Two circumstances have made a mark on Iran's
economy in modern times: Oil is the country's most
important export commodity; it makes society sensitive
to fluctuating oil prices. And contradictions with other
countries, especially the United States, have led to
sanctions that put pressure on Iran. The state is
strongly present in both industry and the financial
sector, despite privatizations and other market reforms
since the late 1990s. Extensive price controls and
government subsidies contribute to inefficiency. The
informal, "black" sector is relatively large and
corruption is widespread.
The oil has long been Iran's economic base and,
together with the mining industry and the manufacturing
industry, accounts for over 40 percent of gross domestic
product (GDP). Agriculture accounts for just over a
tenth, while the service sector accounts for the rest.
The oil sector normally accounts for around 80 percent
of export revenues, half the state budget and about a
quarter of GDP.
Major imports by Iran, covering a full list of top products imported by the country and trade value for each product category.
Some time in the 2000s, the economy had been hit hard
by tough foreign sanctions and a large race in the price
of oil. Following the tightening of sanctions against
Iran in 2011, the oil industry and the banking and
financial sectors were heavily circumscribed. Oil
exports fell by at least half, it became difficult for
the industry to obtain spare parts. The currency, the
rial, collapsed in value by 75 percent and unemployment
rose. Inflation skyrocketed to over 50 percent.
Iran had been subject to sanctions from the United
States since the 1980s (see Modern History). In 2006,
the UN Security Council also imposed for the first time
restrictions on the exchange of the world with Iran. The
sanctions were designed to force an end to Iran's
nuclear program, which appeared to be aimed at the
development of nuclear weapons. The sanctions were then
extended in several steps and the US, the EU and other
actors also introduced their own even tougher sanctions
(see also Foreign Policy and Defense). It was not until
2016 that most sanctions were lifted since Iran in 2015
signed an agreement with the major powers to cancel its
nuclear program. The International Atomic Energy Agency,
IAEA, had also confirmed that the country had fulfilled
Abbreviationfinder.org: Check this abbreviation website to find three letter ISO codes for all countries in the world, including IRN which represents the country of Iran.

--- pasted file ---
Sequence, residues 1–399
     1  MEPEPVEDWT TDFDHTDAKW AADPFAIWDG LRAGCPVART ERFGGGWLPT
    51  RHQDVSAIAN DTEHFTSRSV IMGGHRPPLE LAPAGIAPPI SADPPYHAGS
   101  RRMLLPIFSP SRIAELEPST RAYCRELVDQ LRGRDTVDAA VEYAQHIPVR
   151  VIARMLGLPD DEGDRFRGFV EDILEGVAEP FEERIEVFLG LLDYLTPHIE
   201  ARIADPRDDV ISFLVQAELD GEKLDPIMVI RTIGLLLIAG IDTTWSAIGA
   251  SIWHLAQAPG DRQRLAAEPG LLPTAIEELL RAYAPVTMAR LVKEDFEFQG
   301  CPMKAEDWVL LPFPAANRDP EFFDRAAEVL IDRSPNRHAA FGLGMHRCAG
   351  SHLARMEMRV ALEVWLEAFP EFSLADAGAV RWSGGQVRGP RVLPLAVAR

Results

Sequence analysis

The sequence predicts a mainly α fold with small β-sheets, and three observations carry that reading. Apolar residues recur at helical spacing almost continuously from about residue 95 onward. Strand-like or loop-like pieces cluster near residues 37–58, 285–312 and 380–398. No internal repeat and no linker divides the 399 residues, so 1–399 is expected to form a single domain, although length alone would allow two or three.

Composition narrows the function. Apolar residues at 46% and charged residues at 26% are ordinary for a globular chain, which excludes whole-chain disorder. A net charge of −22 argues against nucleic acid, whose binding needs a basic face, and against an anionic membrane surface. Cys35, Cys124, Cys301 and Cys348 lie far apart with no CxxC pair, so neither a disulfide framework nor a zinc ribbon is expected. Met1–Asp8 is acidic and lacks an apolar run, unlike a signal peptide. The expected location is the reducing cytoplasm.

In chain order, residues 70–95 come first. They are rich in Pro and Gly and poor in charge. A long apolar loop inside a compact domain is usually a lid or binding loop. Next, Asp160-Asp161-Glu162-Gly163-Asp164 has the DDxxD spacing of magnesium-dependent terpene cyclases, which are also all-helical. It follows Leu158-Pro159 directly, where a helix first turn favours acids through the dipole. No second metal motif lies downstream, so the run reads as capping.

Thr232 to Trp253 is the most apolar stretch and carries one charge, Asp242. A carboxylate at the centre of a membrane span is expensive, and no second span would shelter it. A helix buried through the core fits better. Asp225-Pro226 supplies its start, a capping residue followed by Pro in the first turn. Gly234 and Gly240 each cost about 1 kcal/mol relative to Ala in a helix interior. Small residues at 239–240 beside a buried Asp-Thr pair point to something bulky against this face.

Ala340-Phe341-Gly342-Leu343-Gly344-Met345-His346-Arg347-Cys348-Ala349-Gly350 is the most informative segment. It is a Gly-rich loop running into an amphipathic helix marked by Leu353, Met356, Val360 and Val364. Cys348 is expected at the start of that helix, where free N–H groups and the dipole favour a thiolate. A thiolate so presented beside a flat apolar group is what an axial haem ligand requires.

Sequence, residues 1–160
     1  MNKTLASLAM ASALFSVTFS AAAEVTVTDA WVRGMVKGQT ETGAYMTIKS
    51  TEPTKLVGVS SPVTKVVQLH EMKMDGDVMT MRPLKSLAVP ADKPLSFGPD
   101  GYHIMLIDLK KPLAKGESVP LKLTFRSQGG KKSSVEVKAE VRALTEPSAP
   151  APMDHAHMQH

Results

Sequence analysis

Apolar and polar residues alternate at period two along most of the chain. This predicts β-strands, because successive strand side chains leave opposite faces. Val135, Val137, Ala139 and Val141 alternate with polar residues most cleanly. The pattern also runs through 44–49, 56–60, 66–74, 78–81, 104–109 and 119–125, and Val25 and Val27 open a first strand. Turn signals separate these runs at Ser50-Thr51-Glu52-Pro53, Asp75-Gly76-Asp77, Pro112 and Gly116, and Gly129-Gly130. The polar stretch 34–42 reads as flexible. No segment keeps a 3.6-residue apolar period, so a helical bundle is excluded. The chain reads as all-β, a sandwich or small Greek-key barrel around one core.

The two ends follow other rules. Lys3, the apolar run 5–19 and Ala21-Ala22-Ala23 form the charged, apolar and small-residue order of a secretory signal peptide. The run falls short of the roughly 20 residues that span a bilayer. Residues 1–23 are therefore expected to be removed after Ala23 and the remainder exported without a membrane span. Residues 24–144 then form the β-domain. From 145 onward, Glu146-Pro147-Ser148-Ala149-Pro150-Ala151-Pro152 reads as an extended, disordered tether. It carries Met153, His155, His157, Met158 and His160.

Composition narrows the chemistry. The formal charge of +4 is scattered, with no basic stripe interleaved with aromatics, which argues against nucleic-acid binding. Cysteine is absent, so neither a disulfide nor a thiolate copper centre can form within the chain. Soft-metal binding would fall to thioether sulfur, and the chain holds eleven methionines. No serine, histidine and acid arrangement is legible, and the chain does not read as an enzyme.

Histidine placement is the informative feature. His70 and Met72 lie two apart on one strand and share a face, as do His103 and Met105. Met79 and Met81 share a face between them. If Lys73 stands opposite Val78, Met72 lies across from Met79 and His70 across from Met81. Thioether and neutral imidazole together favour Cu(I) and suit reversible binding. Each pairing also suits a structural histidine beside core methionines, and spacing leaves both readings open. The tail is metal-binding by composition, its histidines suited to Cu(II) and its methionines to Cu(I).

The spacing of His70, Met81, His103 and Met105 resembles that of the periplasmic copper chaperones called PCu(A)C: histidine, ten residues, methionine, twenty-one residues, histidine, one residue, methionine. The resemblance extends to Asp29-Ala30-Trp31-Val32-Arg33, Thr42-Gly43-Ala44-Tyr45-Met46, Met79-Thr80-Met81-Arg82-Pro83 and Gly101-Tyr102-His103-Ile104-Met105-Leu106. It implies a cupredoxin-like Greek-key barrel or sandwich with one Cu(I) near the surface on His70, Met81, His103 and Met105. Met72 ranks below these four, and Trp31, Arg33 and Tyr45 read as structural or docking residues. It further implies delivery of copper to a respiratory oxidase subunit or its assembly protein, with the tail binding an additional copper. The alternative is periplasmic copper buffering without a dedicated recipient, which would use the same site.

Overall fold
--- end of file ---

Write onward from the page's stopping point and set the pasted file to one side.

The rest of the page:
The agreement gave hope for a strengthened economy.
It was a welcome change after several years of cancer:
After growing annually by around 5 percent for a decade,
the economy had recovered by more than so many years in
a row. Both companies and individuals had been affected.
The state coffins had degraded rapidly in the emerged
situation. Oil money had previously enabled job creation
and cash grants to large sections of the population, as
well as rescued crisis banks and subsidized industry.
Taxes were low, several professions were completely
exempt from tax. According to analysts, Iran's economy
was so over-oiled and so inefficient and corrupt that it
was heading for collapse even without sanctions.
After all, President Hassan Rohani succeeded in
stabilizing the economy after his entry in August 2013
(see Current Policy). A provisional agreement in the
negotiations on the nuclear program led to some relief
in the sanctions. The currency strengthened and growth
hit the zero line on the right side from 2014.
Inflation, which was up 45 percent, was down 15 percent
towards the end of the year.
One year after a completed international agreement on
the nuclear program in 2015, which led to the sanctions
being eased, the International Monetary Fund (IMF)
reported that Iran had a full 12.5 percent growth in the
economy. In 2016, it was announced that inflation
recalculated on an annual basis had dropped to 9.5
percent, the first listing below 10 percent in 25 years.
This was a result of the country breaking its isolation,
being able to get its oil out on the world market and
starting to receive foreign investment. The increased
flow of goods pushed prices down.
But then the world market price of oil had more than
halved in a short time. According to some estimates,
Iran would need a high oil price, $ 140 a barrel, to
balance its budget; now the price was down around $ 50.
Growth declined again, down to single-digit numbers.
During his presidency, Rohani has stepped in to curb
oil dependency. Investment in industrial exports has
been made to increase sales of cars to Iraq and
Afghanistan and fertilizers to China. The president has
also tried to streamline the tax system and make cuts to
the state budget. Subsidies on fuel, for example, have
been called into question, as well as a cash
contribution to families who have been destined for the
poor but who a large part of the population has come to
The role of foreign capital in the development of the
country has always been a matter of dispute among the
religious leaders, as is the question of whether the
economy should be liberalized. Around three-quarters of
the economy is still controlled by state corporations,
most unprofitable, or Islamic charities, bonyad. Sthe
foundations were formed after the revolution and were
allowed to take over the large financial assets of the
shah family. They were given responsibility for helping
the country's poor and relatives to the victims of the
war against Iraq in the 1980s. With the help of the
regime, the bonyads have grown into large corporate
empires, controlled by conservative whites. The
Revolutionary Guard has also become an influential
economic player, with interests in mobile networks, oil
companies, car manufacturers and construction companies.
Most have guarded the guard - or individual
representatives of it - through a privatization wave
that began in the late 1990s.
When President Donald Trump announced, in May 2018,
that the United States would abandon the international
agreement on Iran's nuclear program, it turned the terms
upside down - for the government in Tehran, for Iranians
in common, for US companies and for example, EU
companies. countries that depend on or are connected to
the United States in different ways. They are all
affected by the stricter US sanctions against Iran that
were announced: for most industries from August 6, for
the energy sector and the financial industry as of
November 4, 2018. Trump allowed exceptions for some
countries, key political allies to the US, who were
allowed to continue for a time buy oil from Iran without